3) We sometimes even share critters. My tenrecs love crunchy bugs and juicy worms, so I have been known to ask for donations from friends. Gay has a compost heap that is full of worms … which reminds me; I need to get up to her place and see if she has enough now to spare a dozen.

4) We organize our complaints. Service isn’t always what it should be, so after a spate of crappy Internet or an erratic electricity supply friends put their heads together and coordinate gripes.

5) We talk about death. Our own deaths, to be exact. Since most of us expats have little-to-no family, no next-of-kin, within a few thousand miles, planning for our eventual demise is just part of what friends do. Our out-of-country connections are shared, as well as the details on what we want done with our empty husks.

6) We obey the laws … sometimes. Seychelles has as many laws as anywhere, but some do seem to be more like suggestions. For example, it is illegal to park on double yellow lines, to overtake on a solid white line, to use a phone while driving, yet every shop along the road has cars and trucks parked on double yellows, any drive at the speed limit will have you passed in no-passing areas by dozens of cars, trucks and busses, and it seems every other driver has a phone stuck to his ear. It is also illegal to have tinted windows on a car. (Who was that? Don’t know … the windows were tinted.) Legislation was passed a few years ago banning building on mountaintops, but that apparently does not apply if you happen to own one of the United Arab Emirates.

7) We entertain other peoples’ visitors. No one visits Seychelles for a weekend; even a week is far too short a time for many. It takes a couple of days to get here from most places, so 10 days is routinely calculated as the minimum stay. That’s great, most of the time. Since this place is so very different, very few guests are up to getting out and about on their own. For working people, this can put quite a strain on their time. Then, of course, there are the difficult guests … grumpy parents, that weird uncle, the school friend you dropped who is just dying to see you again since you live so close to a beach. Sure, you could book them into a hotel, but you won’t.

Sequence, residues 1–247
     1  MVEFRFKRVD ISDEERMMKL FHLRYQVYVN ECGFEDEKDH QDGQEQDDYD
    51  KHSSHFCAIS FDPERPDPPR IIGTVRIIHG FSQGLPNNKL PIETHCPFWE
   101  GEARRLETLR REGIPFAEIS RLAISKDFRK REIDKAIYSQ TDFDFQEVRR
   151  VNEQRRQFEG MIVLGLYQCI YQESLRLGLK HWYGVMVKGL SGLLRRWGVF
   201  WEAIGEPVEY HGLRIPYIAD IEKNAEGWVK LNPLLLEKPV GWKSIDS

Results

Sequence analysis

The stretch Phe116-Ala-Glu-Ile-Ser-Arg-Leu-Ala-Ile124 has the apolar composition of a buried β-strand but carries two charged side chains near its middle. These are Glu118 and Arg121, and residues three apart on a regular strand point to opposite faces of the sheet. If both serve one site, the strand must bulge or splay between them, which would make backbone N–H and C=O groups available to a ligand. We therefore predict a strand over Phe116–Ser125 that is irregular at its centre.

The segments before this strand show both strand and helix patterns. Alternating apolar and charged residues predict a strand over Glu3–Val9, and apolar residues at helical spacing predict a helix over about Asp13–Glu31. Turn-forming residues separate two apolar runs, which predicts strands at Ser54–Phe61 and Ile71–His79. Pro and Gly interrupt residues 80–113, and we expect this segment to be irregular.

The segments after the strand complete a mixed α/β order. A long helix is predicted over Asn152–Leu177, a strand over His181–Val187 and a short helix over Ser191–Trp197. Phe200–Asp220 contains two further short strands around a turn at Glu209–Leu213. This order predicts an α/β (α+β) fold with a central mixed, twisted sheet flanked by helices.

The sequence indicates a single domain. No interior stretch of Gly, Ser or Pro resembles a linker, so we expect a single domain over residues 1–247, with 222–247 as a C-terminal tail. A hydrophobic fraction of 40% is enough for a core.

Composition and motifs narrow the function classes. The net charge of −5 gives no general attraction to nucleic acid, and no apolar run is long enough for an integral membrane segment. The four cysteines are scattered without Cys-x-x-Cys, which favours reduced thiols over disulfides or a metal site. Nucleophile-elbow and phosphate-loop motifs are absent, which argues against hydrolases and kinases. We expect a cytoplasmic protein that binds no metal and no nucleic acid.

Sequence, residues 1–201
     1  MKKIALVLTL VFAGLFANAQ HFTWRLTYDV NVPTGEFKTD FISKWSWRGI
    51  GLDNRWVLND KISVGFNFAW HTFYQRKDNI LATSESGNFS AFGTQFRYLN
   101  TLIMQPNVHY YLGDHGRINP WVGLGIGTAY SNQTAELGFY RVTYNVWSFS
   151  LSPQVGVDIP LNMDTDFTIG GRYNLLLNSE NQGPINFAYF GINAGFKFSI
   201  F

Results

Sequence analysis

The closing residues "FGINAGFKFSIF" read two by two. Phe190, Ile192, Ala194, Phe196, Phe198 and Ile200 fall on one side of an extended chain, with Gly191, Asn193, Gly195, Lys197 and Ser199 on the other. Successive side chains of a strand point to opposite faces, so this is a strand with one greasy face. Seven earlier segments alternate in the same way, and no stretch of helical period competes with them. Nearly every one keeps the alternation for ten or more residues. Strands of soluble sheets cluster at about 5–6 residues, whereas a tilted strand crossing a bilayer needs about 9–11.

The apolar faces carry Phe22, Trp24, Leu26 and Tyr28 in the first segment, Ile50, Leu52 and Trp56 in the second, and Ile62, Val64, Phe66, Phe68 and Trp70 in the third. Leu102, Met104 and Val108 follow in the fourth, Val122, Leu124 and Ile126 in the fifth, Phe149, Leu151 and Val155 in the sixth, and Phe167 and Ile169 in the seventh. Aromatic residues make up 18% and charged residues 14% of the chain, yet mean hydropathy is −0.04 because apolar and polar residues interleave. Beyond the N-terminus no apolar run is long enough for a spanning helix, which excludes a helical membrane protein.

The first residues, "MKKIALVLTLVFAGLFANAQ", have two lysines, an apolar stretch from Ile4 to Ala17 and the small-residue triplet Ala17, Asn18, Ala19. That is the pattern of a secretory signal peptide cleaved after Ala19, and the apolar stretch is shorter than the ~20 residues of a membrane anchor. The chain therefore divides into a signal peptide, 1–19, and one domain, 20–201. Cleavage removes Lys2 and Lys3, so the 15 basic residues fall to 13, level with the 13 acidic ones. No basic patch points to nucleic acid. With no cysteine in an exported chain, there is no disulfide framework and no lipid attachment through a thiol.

No worries. Your friends here will pick up a lot of the slack, because we know you’ll be there for us when guests-from-hell send flight details and a long to-do-on-holiday list.

8) We are casual. Although I’m sure there are people here who own formalwear, and perhaps even dress to the nines from time-to-time, but for most in Seychelles dressing up is more a matter of putting on your best long trousers, preferably jeans. There was a private school headmaster who kicked off holy hell by insisting teachers not wear jeans to work, his days in England giving a bias that saw denim as too devil-may-care laid-back and loosey-goosey for an institution of learning. Little did he realize that most here would wear their ‘good’ jeans to have tea with the Queen.

b-1520.JPG

Sparky in her harness …

9) We leave empty and come back full. Going overseas is a big deal for anyone anywhere, but when traveling to big places from a small place it’s not just a holiday … it’s a shopping trip. Packing is easy, as our big suitcase contains only our smaller suitcases on the way out. And it’s not only ourselves we shop for. Nope. The suitcase within a suitcase within a suitcase is sure to have at least three lists of stuff to get for friends. Over the years I’ve been lucky enough to have blood sugar monitoring sticks, batteries, print cartridges, flip flops, flea drops, tenrec halters, tequila, clothing, dog collars, a toilet seat and many, many other items delivered to me by friends returning from a vacation abroad. It’s a courtesy we acknowledge and value highly.

12314140_10153592769231928_4916937812862847645_n.jpg